President Trump's decision to declare a National Emergency seems to have been the final blow to his Party’s patience.
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Perhaps it is time to wonder if President Trump has – finally - surpassed the limits of tolerance among Republicans.
After declaring a supposed National Emergency on the border to circumvent Congress and obtain the necessary funds to fulfill a campaign promise, the Democratic-led House of Representatives initiated a procedure to block the measure, with surprising support from the other side of the aisle.
With 245 votes in favor, 13 of them Republicans, Pelosi and her team managed to pass a resolution to suspend the presidential declaration, which now passes to the Senate for debate.
Less than a week later, Republican members have already assured that they will vote against Trump’s National Emergency and in favor of the Democrats’ resolution.
Senator Rand Paul (R-Ky.), for example, stated this weekend: "I can’t vote to give the president the power to spend money that hasn’t been appropriated by Congress," The Hill reported. "We may want more money for border security, but Congress didn’t authorize it. If we take away those checks and balances, it’s a dangerous thing.”
According to the Washington Post analysis, Paul's statement "provided what is likely to be the 51st and decisive vote against it," which implies a "combination" of both houses of Congress to overturn a presidential decision.
While it is likely that Trump will resort to a veto to nullify the Congress’ decision - and neither chamber has the two-thirds necessary to annul it - this may prove to be the last straw for GOP patience towards presidential whims.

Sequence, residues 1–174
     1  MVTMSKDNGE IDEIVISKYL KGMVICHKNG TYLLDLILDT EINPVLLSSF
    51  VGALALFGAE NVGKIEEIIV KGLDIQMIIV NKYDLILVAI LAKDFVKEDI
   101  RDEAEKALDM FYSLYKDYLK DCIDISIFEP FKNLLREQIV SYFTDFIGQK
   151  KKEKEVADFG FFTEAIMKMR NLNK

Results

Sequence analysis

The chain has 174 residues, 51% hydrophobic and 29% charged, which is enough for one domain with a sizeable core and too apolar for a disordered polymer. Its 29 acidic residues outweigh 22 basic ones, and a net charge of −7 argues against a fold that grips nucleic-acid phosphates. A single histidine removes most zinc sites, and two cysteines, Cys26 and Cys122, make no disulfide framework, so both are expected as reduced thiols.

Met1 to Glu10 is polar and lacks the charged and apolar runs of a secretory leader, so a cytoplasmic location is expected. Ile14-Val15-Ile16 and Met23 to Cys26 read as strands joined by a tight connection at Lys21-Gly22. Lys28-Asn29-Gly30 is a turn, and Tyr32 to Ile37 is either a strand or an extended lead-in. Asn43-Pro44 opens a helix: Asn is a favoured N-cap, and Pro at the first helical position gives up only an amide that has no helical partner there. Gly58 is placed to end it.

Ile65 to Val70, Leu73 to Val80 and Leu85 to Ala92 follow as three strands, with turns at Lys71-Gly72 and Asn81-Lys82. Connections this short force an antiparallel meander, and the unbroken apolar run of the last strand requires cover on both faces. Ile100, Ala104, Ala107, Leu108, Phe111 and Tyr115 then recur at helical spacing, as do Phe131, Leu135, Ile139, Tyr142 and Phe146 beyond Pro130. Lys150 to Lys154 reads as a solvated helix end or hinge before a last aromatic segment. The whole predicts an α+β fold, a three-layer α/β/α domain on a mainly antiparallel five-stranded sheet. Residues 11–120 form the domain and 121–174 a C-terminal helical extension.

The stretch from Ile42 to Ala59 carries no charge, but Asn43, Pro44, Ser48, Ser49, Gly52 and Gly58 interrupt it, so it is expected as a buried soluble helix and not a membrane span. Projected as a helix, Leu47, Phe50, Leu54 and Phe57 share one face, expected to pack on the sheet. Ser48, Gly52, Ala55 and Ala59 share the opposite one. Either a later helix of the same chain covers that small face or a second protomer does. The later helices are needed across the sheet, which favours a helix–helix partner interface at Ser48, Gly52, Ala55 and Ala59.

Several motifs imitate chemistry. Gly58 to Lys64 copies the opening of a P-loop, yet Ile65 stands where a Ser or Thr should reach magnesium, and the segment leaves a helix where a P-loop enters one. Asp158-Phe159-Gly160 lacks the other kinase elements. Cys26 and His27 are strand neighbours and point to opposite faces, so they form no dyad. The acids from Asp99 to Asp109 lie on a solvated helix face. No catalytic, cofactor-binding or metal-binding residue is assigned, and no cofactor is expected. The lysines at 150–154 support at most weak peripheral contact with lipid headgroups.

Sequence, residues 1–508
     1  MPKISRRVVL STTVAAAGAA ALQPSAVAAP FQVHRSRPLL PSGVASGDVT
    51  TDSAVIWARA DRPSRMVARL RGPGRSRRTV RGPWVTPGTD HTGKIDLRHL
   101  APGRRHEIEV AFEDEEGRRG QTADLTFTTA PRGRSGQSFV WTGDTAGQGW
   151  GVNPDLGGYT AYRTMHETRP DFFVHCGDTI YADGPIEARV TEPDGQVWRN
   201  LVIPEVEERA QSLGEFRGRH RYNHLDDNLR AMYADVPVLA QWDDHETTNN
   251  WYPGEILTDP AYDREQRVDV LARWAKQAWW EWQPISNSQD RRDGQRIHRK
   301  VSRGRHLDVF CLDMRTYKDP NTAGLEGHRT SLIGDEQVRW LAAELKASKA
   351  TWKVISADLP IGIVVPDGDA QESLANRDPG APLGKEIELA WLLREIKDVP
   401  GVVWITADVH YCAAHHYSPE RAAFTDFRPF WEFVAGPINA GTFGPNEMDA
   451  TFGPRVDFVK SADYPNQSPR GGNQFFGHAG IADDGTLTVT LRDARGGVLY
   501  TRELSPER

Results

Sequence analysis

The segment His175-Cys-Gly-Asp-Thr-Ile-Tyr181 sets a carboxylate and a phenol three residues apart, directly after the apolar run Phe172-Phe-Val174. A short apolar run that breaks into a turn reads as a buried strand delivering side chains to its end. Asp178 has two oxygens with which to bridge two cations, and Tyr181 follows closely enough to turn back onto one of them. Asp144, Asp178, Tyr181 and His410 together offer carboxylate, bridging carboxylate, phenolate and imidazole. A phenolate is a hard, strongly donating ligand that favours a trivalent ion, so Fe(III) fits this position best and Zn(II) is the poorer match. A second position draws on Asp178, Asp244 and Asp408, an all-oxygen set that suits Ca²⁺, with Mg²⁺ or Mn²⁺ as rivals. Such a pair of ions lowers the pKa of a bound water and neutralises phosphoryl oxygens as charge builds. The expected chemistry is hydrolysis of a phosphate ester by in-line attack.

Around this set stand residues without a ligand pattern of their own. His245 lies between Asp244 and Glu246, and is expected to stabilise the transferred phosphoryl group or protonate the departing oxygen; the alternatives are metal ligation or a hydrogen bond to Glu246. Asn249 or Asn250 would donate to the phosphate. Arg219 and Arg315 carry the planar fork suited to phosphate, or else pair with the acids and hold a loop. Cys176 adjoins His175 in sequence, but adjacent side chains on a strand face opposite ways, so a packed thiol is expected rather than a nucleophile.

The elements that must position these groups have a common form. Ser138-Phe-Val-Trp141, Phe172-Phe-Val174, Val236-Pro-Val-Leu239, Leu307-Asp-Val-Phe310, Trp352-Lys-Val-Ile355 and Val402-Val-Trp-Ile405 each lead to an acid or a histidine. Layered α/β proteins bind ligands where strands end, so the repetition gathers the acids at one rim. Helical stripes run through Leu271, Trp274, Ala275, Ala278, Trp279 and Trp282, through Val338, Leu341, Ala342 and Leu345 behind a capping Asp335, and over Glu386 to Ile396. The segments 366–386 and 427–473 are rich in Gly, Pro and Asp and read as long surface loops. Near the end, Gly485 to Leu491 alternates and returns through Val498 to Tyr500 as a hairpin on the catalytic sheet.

For months now, the Republican Party has been breaking ranks with the president - between the withdrawal of troops from Afghanistan and Syria, Jamal Khashoggi, trade wars, etc.
But this marks, as Aaron Blake explains in his column for the Post, the first time that the Senate, with a Republican majority, has taken concrete measures to stop Trump.
Senator John Kennedy (R-La.), Lamar Alexander (R-Tenn.), Susan Collins (Maine), Lisa Murkowski (Alaska) and Thom Tillis (N.C.) have joined Senator Paul.
Senate Majority Leader Mitch McConnell (R-Ky.) is expected to grant space to vote the blocking resolution before the March 15 recess, which would give a 15-day gap for negotiation.
However, in this scenario, it is likely that the decision will end up in the Supreme Court’s hands to be resolved, while the president loses internal support and pushes the GOP away.
At this point, it seems that most Republicans would prefer to join the Democratic caucus than to give Trump an ounce of power over Congress.